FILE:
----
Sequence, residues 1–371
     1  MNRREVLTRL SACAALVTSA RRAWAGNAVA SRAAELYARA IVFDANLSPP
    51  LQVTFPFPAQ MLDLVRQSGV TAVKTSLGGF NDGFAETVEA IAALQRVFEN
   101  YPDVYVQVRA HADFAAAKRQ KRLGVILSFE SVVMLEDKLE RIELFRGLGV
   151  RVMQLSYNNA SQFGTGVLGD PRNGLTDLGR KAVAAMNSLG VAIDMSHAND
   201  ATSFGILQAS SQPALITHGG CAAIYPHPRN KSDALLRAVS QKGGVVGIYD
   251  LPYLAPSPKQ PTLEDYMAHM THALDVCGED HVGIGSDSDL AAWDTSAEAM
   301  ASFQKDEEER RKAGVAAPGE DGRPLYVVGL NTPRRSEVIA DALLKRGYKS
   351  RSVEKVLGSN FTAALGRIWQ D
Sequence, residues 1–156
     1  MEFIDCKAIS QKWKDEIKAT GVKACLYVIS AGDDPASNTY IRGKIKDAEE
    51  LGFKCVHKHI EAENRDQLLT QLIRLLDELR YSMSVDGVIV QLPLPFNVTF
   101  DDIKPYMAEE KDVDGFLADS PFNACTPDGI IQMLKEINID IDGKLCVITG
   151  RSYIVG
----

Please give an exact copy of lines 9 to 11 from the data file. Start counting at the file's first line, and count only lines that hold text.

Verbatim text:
   351  RSVEKVLGSN FTAALGRIWQ D
Sequence, residues 1–156
     1  MEFIDCKAIS QKWKDEIKAT GVKACLYVIS AGDDPASNTY IRGKIKDAEE